Heilbronn – a city on the Neckar River in southwest Germany better known for its wine making industry – might not be the first place that springs to mind when you think of elite learning centres for STEM subjects.
But the city is in fact home to the country’s largest science centre, which has recently undergone a major transformation, with four new permanent exhibition galleries set across 3,200sq m adding new facilities to the 25,000sq m site.
Years in the making
The idea to open a science centre in the city was first concieved in 2005. To make the vision a reality, the city turned to a man already familiar with it, Wolfgang Hansch.
Originally director of the Natural History Museum of Heilbronn from 1994 up until his appointment as managing director of Experimenta in 2005, Hansch was given the task of establishing a brand new science centre in the city, developing a former storehouse into the first iteration of Experimenta.
The attraction became a reality in November 2009 when it opened with the creed of “Discover Experience and Understand Science”.
“By 2012 our visitor numbers were exceeding expectations by far,” says Hansch. “That’s when we started talking about an expansion of the site, eventually deciding on an entirely new development to better serve the public.”
Backed by the Dieter Schwarz Foundation, a non-profit investment arm of supermarket giant Lidl, the centre broke ground on its expansion by Berlin-based architects Sauerbruch Hutton in 2016. In July 2017, the site closed completely so it could undergo a full transformation, with new exhibits, reimagined spaces and a new building. It reopened on 31 March, complete with a dome theatre, an observatory and workshop spaces.
While the science centre was closed for redevelopment, Hansch and his team came up with a novel way of continuing to serve the population – converting an oil tanker into a floating science centre.
Called the MS Experimenta, the vessel is 105m long and offers more than 500sq m of interactive attractions. Opened in January 2018, a number of primary and secondary school courses are offered onboard the vessel, with schools accommodated inside two labs and an open workshop area. The floating attraction also offers a series of interactive exhibits for visitors, while there are areas for open workshops.
Its first year was a huge success, with 30,492 visitors in 2018. This success led to MS Experimenta taking a trip to Stuttgart, ahead of a nationwide tour.
Between 17 April and 16 October 2019, the ship will be anchored in Heilbronn to coincide with the Federal Garden Show with content tailored towards the event.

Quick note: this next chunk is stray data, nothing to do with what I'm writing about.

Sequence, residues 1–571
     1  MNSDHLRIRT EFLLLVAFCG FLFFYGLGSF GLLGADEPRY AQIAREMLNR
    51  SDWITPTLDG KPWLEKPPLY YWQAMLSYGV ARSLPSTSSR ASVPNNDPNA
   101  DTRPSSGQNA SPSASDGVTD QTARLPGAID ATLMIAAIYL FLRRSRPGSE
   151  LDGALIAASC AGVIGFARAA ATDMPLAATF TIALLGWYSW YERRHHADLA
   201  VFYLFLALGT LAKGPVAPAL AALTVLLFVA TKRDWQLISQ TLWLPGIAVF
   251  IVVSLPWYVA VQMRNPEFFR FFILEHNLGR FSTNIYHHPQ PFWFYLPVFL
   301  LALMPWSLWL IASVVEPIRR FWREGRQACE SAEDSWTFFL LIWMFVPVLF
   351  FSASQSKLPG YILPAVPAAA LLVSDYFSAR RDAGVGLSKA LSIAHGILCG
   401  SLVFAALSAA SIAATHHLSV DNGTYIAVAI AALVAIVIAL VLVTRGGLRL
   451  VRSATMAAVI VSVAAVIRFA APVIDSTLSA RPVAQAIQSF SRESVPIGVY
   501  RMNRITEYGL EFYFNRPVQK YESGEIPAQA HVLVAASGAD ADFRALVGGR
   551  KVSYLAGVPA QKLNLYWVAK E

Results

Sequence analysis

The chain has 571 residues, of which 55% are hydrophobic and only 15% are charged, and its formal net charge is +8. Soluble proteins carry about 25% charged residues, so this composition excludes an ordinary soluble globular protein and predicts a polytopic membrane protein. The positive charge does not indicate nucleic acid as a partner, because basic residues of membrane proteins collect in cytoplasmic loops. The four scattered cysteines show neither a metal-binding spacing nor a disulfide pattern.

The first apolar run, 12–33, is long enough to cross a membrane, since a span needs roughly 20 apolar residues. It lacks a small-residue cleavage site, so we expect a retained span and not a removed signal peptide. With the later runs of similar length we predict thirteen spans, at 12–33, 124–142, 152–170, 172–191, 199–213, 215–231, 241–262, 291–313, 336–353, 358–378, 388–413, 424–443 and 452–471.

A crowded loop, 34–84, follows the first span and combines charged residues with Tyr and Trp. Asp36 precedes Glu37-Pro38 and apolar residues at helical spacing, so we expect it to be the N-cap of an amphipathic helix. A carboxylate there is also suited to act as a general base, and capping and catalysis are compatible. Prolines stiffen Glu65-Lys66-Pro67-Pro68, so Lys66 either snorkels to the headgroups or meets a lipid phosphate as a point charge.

“When we first decided to launch the ship, it was set to be a permanent offer for Experimenta,” says Hansch. “It was such a great success however that we’ve decided to anchor it in large cities all over Germany going forward starting in 2020.”
A world class offering
Following the three-and-a-half year redevelopment, which included the new galleries, renovation of the old storehouse and refurbishment of the MS Experimenta, Hansch believes the science centre now offers one of the premium experiences in Europe, if not the world.
“We have three main offers on site,” he says. “First, there are our galleries, where you can use different exhibits from biology, chemistry, physics and so on. Second, we have our Discovery World with its well-equipped labs. Finally, we have the Science Dome. These are our primary offerings. We also have an observatory on the roof and a small theatre for teenagers aged 5- to 10-years-old. This variety is extraordinary. For science centres in Germany, I think it’s a new step in their development.
“This is the largest science centre in Germany. The most important point, however, is our extraordinary lineup of exhibitions. It’s not just that we’re the biggest, but also that we have the best content anywhere on the Continent.”
The centre is targetting 250,000 visitors a year, an ambitious goal for a city with a population of 125,000 people. But what’s even more ambitious is Hansch’s ultimate goal, inspiring one of Experimenta’s visitors to take science’s most coveted prize.
“We want to become a science centre where the visitors have fun and where they can learn about science and technology,” he says. “My dream is that, in 20 or 30 years, we have a Nobel prize winner, whose first step in science was making a visit to Experimenta.”